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What Difference Does a Preposition Make? We'll Get Back at You

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AA: I'm Avi Arditti with Rosanne Skirble, and this week on WORDMASTER: Prepositions for the perplexed.

RS: The other day, our colleague Julie Taboh told us about a friend of hers, a non-native English speaker. It seems he once tried to tell someone that the person should expect to hear from him again. But instead of saying "I'll get back to you," he said "I'll get back at you." The wrong preposition sent the wrong message. To get back at someone means to take revenge.

AA: Julie had no idea that we had just gotten off the phone with a retired English professor in Canada. David Thatcher has written a book called "Saving Our Prepositions: A Guide for the Perplexed." Actually it's an e-book which you can download free of charge at

RS: David Thatcher says he thinks the misuse of prepositions is an increasing problem, but it's a problem with a long history.

What Difference Does a Preposition Make? We'll Get Back at You

What Difference Does a Preposition Make? We'll Get Back at You

DAVID THATCHER: "I think it's been pointed out by grammarians for about two hundred years that people don't know how to use them properly."

RS: "Well, what are they?"

DAVID THATCHER: "They're a part of speech. Let me give you some examples first and perhaps make it easier for you: around, at, before, past, upward, up, in, on. And their job in a sentence is to link or relate one part of a sentence to another. And so you can see them as the connective tissue of language. If you say 'I went the cinema my friend the evening the twenty-fifth,' it resembles a pile of loose bricks."

AA: "It sounds like a text message, actually."

DAVID THATCHER: "That's right, for brevity. But when the prepositions are added -- 'I went to the cinema with my friend on the evening of the twenty-fifth' -- the bricks are fastened together."

RS: "Why have they been such a problem?"

DAVID THATCHER: "I think people, perhaps they don't read as much or they are careless about their use. Let me take an example that you've probably heard of. People now say bored of."

AA: "Instead of?"

DAVID THATCHER: "Instead of bored -- the older prepositions were bored by or bored with. You see, what will happen is that bored of will probably get established. To people of my generation it sounds wrong, it sounds incorrect."

RS: "How do you go about learning the correct use of prepositions?"

DAVID THATCHER: "I think one way might be to read the good writers, who will rarely make an error of this kind. And a bad way is to listen to interviews with athletes and sports people or even sports commentators. They are very careless about the way they use these terms. And people just simply copy what they hear."

AA: "Now for people learning English, prepositions create a sort of a special challenge because of phrasal verbs and the fact that a term, let's say, like to set up, set down, set aside, all mean completely different things."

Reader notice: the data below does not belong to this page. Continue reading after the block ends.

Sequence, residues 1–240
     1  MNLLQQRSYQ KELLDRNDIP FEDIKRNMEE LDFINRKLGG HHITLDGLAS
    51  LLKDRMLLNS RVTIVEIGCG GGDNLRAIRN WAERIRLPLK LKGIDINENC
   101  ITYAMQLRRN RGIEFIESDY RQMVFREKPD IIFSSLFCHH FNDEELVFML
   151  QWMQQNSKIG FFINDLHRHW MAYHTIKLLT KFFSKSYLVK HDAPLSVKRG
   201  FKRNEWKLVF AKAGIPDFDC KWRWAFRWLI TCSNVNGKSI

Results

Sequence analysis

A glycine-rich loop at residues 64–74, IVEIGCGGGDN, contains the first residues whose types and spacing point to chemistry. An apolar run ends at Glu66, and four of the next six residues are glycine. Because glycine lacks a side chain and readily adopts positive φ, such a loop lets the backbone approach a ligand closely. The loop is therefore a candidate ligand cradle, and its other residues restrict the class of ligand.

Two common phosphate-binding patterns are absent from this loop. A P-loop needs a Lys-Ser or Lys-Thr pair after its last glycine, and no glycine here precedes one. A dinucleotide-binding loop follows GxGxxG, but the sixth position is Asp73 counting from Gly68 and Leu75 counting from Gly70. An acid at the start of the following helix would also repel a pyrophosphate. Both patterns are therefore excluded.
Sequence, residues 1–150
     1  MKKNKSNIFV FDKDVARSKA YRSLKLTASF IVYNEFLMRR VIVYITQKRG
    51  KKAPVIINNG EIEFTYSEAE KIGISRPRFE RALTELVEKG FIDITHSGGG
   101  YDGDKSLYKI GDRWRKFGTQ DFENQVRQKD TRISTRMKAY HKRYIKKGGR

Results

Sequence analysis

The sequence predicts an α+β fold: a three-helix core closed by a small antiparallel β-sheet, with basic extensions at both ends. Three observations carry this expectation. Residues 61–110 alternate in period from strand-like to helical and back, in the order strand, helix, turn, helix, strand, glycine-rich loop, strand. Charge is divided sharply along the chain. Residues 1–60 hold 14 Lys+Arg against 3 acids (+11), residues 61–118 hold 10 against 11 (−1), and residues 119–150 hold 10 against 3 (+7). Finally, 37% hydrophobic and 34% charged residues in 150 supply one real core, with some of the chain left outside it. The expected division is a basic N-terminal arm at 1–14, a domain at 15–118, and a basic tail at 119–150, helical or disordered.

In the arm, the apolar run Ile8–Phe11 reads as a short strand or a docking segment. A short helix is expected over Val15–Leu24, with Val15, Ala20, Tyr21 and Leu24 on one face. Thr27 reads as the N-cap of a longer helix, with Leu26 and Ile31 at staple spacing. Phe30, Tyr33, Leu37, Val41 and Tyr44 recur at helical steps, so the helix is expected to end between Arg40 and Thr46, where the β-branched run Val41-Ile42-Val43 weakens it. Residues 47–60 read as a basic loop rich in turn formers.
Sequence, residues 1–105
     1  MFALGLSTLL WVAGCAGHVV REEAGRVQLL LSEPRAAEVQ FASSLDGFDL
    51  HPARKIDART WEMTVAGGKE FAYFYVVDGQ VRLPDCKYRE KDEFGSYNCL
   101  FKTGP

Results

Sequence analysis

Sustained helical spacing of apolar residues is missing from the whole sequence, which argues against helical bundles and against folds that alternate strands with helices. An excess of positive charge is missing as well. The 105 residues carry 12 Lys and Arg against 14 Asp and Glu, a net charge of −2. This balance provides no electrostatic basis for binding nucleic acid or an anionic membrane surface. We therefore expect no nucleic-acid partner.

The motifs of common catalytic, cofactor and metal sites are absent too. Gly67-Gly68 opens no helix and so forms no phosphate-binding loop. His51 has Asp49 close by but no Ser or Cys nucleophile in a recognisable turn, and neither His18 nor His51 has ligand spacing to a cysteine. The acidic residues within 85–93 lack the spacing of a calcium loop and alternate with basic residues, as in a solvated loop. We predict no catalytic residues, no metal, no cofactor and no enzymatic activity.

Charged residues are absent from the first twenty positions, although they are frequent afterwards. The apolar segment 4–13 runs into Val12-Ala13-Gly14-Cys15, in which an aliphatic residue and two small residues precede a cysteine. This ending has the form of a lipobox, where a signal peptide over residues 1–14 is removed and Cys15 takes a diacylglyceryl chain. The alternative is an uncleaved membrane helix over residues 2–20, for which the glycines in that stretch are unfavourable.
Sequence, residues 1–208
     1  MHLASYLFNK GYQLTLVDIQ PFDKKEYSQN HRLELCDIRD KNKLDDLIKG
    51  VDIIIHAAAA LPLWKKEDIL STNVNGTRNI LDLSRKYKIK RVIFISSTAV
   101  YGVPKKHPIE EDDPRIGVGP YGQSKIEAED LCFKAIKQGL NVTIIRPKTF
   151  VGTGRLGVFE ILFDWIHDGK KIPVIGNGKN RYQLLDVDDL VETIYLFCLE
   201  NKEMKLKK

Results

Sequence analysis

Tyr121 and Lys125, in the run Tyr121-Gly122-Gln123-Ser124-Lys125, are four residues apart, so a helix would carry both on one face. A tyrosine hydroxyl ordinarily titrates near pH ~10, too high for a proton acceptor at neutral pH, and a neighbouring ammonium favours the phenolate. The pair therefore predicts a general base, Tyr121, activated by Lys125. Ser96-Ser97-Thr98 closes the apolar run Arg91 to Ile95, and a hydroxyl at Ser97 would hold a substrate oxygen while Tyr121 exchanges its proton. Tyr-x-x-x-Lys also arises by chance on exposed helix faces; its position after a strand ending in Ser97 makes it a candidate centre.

DAVID THATCHER: "That's right. You just have to learn what the speakers use. The phrasal verb might be to fall out with somebody, which means to quarrel or to disagree. 'I would put up with that' means to tolerate. Or to stand up to somebody is to resist somebody and so on. To turn something down is to refuse. All these have to be learned independently without any rules to guide you."

AA: "And then there's also context, because these phrasal verbs tend to be more informal, more casual -- "

DAVID THATCHER: "Yes, I think so. And I think one should make the distinction between written and spoken English, so that what would be unacceptable in written English would be perfectly allowable in speaking."

AA: "In a meeting or in a ... "

DAVID THATCHER: "A meeting, that's right, or off the cuff. I mean, many of these mistakes occur -- and perhaps I'm being too strict sometimes because people make these mistakes when they're speaking off the cuff, without preparation and so on. But if they're writing, they should have time to think about what they're putting down on paper and to revise it, or to show it to somebody else for a second opinion, and so on and so forth. So there should be ways of eliminating mistakes of this kind.

"Can I ask you a question? Do you say you congratulate somebody on something, or do you congratulate them for something?"

AA: "I say on -- yeah. 'Congratulations on your promotion'? I mean, that sounds ... "

RS: "Congratulations for your promotion?"

AA: "I'd say on."

DAVID THATCHER: "What you will hear a lot is congratulations for. For is one of these cuckoo prepositions that come in and disturb all the other birds in the nest and knock them away."

AA: "Wait, so what do you say?"

DAVID THATCHER: "I would say that on is the standard way, but there's no doubt that for is elbowing its way in and might replace on in the course of time. So only time will tell whether on will disappear. And that happens many times, that words that were acceptable at one time have ceased to be so."

AA: David Thatcher in British Columbia, Canada, has written "Saving Our Prepositions: A Guide for the Perplexed." It's a free book that can be downloaded at

RS: And that's WORDMASTER for this week -- archived at With Avi Arditti, I'm Rosanne Skirble.